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What is affecting your employee retention rate and how to improve it

Some companies are able to keep their employees for decades with a low salary or a without a full benefits scheme,  and despite these conditions, their employee turnover rate it’s close to zero. Some of these incredible companies don’t even try to calculate their employee turnover, and you can be sure that they don’t have a retention strategy plan.  Why? Because they are not worried about it. You are not usually worried about problems you don’t seem to have.

How do they do it?  What is the key in most of the occasions for their employees to stay with them?

Despite of how these small and medium organisations have higher rates on job satisfaction, it is important to increase your retention rate that you understand the main reasons why employees leave a company.

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Stephen Taylor explains on his 2014 edition of “Resource and talent management” (one of the basics in any Masters in Human Resources) that there are 4 types of reasons for staff turnover.

  • Pull factors: When even though they are happy, they decide that they will look for something better, higher salary, more benefits, more convenient hours. Sometimes is only about working with a company with fantastic employer branding or recognition in the industry.
  • Push factors: These are factors coming from a discomfort in the current company. Clashes with colleagues, feeling of unfairness, disliking the organisational culture. They leave, not because they are convinced of where they are going, but because they don’t want to be at their current organisation.
  • Unavoidable turnover: We would include resignations that have nothing to do with work, voluntary and involuntary reasons, like retirement, illness, incapacities of the employee or relatives who need care, parents who need another work where they could combine work and childcare, etc…
  • Involuntary turnover: these are situations where the employee doesn’t have a wish to leave the company, but they are forced to do it. Situations like redundancies, etc… Even though the company is the one making this decission, it still has a cost of recruitment to find a new person, says Taylor.
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Those unavoidable, it is not worth it to review how to improve or retain employees when there is an inconvenience that force them to change or leave their work. For those employees leaving within the first 2 bullet points, the push and pull factors, it is important that you carry out exit interviews so we can analyse as much as possible and avoid those problems for future employees.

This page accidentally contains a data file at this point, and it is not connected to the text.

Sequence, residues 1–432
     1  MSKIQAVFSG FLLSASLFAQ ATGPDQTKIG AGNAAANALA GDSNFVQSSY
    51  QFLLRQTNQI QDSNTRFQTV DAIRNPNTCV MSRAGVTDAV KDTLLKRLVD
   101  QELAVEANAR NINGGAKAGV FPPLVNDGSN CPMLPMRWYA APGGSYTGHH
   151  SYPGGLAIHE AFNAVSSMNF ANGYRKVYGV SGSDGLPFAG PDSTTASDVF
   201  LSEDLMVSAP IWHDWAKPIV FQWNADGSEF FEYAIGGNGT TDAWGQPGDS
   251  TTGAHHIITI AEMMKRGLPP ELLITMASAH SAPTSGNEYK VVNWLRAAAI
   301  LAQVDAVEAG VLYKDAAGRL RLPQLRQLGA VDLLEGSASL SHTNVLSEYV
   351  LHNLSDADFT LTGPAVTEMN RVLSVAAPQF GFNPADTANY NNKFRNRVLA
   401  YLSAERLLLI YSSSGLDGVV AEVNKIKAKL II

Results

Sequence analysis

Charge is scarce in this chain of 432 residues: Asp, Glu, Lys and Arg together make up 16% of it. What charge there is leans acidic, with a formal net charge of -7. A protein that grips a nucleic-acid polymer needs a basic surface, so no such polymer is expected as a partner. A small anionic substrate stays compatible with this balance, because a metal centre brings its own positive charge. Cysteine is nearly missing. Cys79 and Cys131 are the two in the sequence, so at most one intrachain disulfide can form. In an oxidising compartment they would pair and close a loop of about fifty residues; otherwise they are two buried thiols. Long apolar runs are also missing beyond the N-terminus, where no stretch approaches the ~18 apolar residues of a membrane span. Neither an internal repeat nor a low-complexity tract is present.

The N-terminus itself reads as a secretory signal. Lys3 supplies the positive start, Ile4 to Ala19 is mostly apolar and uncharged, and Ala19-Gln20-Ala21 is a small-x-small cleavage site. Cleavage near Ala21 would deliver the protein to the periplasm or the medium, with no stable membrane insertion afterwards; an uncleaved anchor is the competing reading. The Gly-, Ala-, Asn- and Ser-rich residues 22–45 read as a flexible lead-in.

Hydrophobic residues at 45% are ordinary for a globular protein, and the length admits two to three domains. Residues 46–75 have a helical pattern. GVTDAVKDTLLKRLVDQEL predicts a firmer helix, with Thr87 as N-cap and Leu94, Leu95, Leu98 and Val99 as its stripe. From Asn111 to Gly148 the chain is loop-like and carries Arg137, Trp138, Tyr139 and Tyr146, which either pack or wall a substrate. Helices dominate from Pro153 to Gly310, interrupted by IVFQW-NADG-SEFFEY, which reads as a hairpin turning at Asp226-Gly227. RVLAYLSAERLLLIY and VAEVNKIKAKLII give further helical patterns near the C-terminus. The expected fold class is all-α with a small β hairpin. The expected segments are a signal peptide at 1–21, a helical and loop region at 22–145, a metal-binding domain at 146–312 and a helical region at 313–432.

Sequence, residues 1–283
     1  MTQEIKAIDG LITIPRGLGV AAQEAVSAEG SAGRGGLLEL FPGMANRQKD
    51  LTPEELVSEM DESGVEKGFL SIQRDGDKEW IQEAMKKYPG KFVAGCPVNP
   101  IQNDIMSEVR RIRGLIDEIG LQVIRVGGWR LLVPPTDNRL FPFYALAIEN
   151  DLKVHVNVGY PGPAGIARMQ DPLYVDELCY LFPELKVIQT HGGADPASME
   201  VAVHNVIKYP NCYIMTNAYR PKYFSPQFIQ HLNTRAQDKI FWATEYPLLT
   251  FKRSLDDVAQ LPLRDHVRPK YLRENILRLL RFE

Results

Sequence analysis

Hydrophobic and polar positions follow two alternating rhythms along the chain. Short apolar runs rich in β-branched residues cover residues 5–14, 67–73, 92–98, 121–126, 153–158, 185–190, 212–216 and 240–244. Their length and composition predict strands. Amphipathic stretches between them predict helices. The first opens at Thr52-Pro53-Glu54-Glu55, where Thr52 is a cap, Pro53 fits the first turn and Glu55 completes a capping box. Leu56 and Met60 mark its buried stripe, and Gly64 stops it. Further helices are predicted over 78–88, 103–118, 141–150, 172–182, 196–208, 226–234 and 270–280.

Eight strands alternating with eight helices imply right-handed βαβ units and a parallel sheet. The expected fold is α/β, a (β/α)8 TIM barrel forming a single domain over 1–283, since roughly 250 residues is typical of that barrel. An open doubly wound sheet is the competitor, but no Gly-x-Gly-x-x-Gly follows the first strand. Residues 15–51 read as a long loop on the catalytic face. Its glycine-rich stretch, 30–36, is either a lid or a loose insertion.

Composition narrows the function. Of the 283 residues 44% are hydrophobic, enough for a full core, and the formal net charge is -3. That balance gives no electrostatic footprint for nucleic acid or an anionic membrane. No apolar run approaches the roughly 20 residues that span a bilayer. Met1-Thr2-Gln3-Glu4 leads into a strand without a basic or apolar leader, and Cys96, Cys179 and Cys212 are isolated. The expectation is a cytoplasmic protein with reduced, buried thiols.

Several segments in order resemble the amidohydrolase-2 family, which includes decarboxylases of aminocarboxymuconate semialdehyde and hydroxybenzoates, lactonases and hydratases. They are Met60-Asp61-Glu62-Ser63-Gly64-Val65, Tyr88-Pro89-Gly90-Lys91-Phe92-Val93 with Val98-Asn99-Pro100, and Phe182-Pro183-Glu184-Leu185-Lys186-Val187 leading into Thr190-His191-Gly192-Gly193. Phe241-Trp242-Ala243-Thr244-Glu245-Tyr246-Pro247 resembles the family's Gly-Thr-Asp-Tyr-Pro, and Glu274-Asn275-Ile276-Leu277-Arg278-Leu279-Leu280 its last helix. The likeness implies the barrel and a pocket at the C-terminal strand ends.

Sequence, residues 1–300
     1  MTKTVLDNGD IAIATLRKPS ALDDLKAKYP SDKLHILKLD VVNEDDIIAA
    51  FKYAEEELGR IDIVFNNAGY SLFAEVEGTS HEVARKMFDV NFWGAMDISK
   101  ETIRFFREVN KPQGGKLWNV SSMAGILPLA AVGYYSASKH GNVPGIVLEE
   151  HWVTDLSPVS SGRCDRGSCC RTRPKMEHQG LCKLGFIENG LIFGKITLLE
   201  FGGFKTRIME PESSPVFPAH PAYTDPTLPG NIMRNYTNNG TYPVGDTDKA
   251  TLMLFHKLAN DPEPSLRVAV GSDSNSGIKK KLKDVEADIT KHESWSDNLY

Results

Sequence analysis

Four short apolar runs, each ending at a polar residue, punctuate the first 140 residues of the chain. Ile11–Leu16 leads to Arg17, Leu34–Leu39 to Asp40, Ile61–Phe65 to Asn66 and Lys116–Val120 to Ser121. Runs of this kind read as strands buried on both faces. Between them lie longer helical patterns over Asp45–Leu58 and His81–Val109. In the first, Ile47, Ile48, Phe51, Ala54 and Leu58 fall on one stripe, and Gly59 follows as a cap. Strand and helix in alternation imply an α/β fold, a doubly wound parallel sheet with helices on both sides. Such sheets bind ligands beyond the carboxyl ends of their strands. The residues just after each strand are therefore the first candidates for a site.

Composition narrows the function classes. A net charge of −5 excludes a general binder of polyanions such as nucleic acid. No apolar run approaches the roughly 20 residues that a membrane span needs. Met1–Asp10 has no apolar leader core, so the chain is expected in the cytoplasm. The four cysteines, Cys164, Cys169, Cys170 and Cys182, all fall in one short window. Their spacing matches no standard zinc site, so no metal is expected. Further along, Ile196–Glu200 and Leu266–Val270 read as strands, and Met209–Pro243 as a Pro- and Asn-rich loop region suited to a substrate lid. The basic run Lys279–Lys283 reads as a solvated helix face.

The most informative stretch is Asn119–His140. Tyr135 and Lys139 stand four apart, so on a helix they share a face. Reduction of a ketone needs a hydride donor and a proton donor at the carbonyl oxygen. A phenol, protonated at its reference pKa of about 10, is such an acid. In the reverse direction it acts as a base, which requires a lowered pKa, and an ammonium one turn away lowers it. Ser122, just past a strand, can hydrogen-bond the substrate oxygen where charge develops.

Exit interviews will usually be honest conversations that will help you improving employee engagement in the future. When their salary depends on their line manager, they will tend to avoid criticising. However, you would be surprised how many of those employees leave because their line manager is not doing their work properly or is a horrible manager.

Sit with them, if you have a good relationship, and go through their reasons to leave. Understand their motives to leave, but also ask about the things that you could improve as a company in the future. They will all have their point of view, and you obviously don’t have to take it all, but is always a good learning experience.

If you are lucky enough to get good feedback from them, make sure you correct all the avoidable issues in the future, like… “I didn’t know what I had to do until I had been here for 3 weeks” or “My colleagues didn’t know I was coming and when I came on the first day, I had no computer”. These examples may sound exaggerated, but it has happened 🙂 and listening to them may solve you bigger problems.

Of those who leave within the first year, a wide percentage could have been avoided by planning their first 90 days and making sure they adapt to the role, and facilitating the process by training programmes or by creating the perfect onboarding. If you want to read more about this, we have written several posts about Onboarding that you can find here with check lists on how to run a perfect onboarding strategy or some bad experiences on some cases shared with us.

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When creating a company you have to assume that people will come and go. If your problem relies on the culture, make sure you analyse this in depth, understand what your objectives are, what is the current culture and how would you like it to change it. If there are simple things like changing the culture of working late, make sure that those staying late will not be benefited in anyway for the fact of staying late just for the sake of it.

In some cases, you may want to change a cold and distant environment into a friendlier one. don’t force people to become friends, but it is always good to do things like engagement activities,  or team building exercises from time to time, that would create that sense of family or align culture that most call me back I looking for. However, it is important that you understand, that  if someone felt on the first week that the team didn’t want them there, or that their role is not completely define, it will probably not matter if you go out for beers every Friday.

They need to be integrated in the team,  and that’s an important part of the objectives of the Onboarding process. For the new employee to have a better understanding of how the company works, written and non written policies, some quality time with most of the team members that will be interacting with them on regular basis.

This practices has proven to reduce the turnover,  increase the employee engagement, and therefore, reduce the turnover costs.

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